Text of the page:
As a result of the shot Shevchenko V.V. received a penetrating wound to the head and fell to the floor. After that, the offender opened Shevchenko V.V.’s holster, which was on the harness belt, broke the safety strap and took possession of Shevchenko V.V.’s service weapon. – with a Makarov pistol, equipped with eight PM rounds, after which he fled the scene of the crime.
An ambulance brigade that arrived at the scene of the incident, Shevchenko V.V. was taken to the clinic of military field surgery of the Military Medical Academy. S. M. Kirov, where at 16.10 in the operating room he died from his wound without regaining consciousness.
Unfortunately, this tragedy confirms the correctness of the warning expressed in the literature that danger can arise from everyday everyday life situations, which, due to their habitual nature, dull the vigilance of employees and cause violation of instructions and orders, which are currently perceived as excessively strict, inadequate to a specific situation. . In the above case, the police officer ignored the restriction established by Art. 112 UPPS MOB for police squads, namely, the prohibition during service “to enter residential buildings, canteens, shops, clubs, restaurants and other premises without official necessity.”
The duty officer of the republican special communications center of Tatarstan, letting a former employee into the premises of the node, did not perceive this as a gross violation of official duties, since he knew his former colleague well and believed that the ban on admitting strangers to the office premises did not apply to a familiar person. As a result, both the officer on duty and eight other employees were killed, one was seriously injured, and a significant amount of weapons was stolen.
High vigilance and constant readiness to repel an attack is a necessary prerequisite for the successful performance of official duties.
In the event of a real danger to the life or health of an employee (another authorized official, employee), his readiness to respond is important. To do this, an employee (other authorized official, employee), coming into contact with the offender or arriving at the scene of an incident, must constantly monitor the situation, “feel” it, and also know the methods for identifying suspicious behavior and signs of potential danger and threat.
For example, in accordance with Art. 107 UPSS MOB during service, outfits should pay special attention to:
– citizens who often appear at objects where material assets are stored, are in circulation, banking institutions, trade enterprises, warehouses, bases, showing interest in the state of windows, doors, locks, fences, working hours and organization of security;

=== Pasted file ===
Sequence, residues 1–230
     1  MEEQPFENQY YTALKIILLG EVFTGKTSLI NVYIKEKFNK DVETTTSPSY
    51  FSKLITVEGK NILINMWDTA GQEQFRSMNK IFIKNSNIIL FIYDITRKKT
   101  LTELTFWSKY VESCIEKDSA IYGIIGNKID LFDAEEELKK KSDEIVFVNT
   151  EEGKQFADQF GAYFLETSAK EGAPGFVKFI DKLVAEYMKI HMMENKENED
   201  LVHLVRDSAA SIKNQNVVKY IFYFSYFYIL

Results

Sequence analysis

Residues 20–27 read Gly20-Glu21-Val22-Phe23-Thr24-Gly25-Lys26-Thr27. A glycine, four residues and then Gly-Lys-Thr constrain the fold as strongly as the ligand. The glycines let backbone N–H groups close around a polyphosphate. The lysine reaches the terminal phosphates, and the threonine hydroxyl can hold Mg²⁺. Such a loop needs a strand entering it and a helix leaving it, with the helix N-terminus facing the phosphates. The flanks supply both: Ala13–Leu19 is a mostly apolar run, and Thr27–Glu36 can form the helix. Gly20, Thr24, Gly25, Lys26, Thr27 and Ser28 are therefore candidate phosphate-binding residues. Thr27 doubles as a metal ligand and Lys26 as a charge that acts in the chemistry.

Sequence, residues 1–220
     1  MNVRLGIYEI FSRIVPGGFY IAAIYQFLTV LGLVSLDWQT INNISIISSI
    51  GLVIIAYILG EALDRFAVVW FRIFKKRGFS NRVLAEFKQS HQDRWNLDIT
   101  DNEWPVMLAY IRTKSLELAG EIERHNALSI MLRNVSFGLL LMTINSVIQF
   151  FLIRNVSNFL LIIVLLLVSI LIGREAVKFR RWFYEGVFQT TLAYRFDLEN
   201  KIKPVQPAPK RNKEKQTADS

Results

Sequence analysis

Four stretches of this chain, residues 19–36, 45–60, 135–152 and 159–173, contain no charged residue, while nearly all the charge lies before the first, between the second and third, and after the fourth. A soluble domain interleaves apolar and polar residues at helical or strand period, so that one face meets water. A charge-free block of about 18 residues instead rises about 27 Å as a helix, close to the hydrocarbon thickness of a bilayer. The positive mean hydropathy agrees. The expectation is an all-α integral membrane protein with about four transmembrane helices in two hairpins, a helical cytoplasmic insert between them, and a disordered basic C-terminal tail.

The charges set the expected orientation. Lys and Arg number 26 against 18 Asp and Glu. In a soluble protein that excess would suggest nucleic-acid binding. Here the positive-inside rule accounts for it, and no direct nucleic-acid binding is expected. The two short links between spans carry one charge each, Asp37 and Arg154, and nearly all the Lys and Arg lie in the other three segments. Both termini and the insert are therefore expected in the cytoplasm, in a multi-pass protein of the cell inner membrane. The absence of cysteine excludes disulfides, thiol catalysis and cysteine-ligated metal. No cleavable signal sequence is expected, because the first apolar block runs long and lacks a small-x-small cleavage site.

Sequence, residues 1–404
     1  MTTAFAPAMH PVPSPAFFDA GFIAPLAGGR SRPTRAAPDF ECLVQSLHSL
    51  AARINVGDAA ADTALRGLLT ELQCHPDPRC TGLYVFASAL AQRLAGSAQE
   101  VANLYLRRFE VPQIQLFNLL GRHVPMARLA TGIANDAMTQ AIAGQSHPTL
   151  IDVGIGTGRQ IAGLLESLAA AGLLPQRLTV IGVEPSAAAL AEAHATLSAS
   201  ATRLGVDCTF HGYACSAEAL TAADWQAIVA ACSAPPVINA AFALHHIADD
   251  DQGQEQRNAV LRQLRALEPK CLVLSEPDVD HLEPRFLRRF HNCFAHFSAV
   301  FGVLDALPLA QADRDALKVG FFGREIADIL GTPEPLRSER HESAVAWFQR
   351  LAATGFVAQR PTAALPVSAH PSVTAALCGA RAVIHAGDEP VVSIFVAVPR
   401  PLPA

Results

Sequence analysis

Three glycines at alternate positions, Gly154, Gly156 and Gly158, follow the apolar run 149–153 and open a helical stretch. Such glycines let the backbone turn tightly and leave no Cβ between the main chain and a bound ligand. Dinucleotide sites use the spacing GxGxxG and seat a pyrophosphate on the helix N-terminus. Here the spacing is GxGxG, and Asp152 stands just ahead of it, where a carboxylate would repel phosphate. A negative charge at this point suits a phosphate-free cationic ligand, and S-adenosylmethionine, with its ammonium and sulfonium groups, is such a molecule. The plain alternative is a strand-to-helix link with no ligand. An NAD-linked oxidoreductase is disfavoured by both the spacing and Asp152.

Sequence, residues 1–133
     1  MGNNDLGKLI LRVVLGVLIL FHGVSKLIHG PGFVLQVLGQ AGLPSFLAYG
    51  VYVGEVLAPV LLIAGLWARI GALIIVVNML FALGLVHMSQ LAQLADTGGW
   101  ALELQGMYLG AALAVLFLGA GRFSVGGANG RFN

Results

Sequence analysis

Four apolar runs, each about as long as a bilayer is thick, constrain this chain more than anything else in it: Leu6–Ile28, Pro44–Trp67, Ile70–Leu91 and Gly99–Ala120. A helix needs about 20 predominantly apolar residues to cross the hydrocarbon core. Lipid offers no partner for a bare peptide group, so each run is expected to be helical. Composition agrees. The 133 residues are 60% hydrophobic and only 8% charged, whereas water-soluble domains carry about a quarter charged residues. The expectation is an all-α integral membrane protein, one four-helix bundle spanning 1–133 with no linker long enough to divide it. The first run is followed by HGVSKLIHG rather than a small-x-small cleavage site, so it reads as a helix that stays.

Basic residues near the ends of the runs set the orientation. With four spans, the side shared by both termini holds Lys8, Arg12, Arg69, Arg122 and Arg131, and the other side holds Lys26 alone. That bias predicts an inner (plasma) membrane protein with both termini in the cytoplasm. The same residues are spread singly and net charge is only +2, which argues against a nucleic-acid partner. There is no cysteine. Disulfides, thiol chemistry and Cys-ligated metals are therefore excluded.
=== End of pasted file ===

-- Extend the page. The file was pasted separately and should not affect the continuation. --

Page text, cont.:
– people who show suspicious alertness and anxiety, dressed out of season or in clothes that do not correspond to height and build, as well as having bandages and injuries;
– groups of citizens, especially young people, gathering in squares, courtyards, entrances of houses and other places, while avoiding unreasonable actions that could lead to conflict situations;
– places of possible occurrence of offenders;
– citizens who violate the rules of the road, and children playing in dangerous places;
– the condition of doors, shop windows and windows of shops and other institutions where valuables are stored;
– Suspicious noises, the appearance of fire or smoke in buildings and facilities.
If “something” seems unusual or doubtful, the employee (another authorized official, employee) is obliged to activate the self-insurance mechanism, i.e., behave in the same way as in a situation involving danger (think over the sequence of actions, organize a safety net, inform the operational command post and, above all, be vigilant). Already at the stage of a conflict, psychological readiness should be formed, if necessary, for active response, including the use of firearms.
In this regard, we note that the number of injured police officers during attacks with the use of firearms, depending on the factors of unrealized combat readiness, is characterized by the numbers.
The indicators given in the table indicate that in most cases the police officers suffered due to the weakening of vigilance and unwillingness to repel a sudden attack, or, as a result of this, due to the indecision and slowness of their actions. As D. Koretsky rightly notes, this happens, first of all, because the criminals choose the time, place, method, instruments of encroachment, the victim in such a way as to achieve success. That is, an advantage over the victim is provided in advance.
The tactics of using weapons in an attack depends on the overall balance of power between the attackers and the police officers who carry out protection.